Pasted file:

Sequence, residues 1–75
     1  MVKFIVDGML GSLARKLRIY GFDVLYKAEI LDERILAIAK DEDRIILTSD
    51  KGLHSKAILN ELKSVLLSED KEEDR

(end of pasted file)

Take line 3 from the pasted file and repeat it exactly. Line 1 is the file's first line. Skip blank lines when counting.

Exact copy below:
    51  KGLHSKAILN ELKSVLLSED KEEDR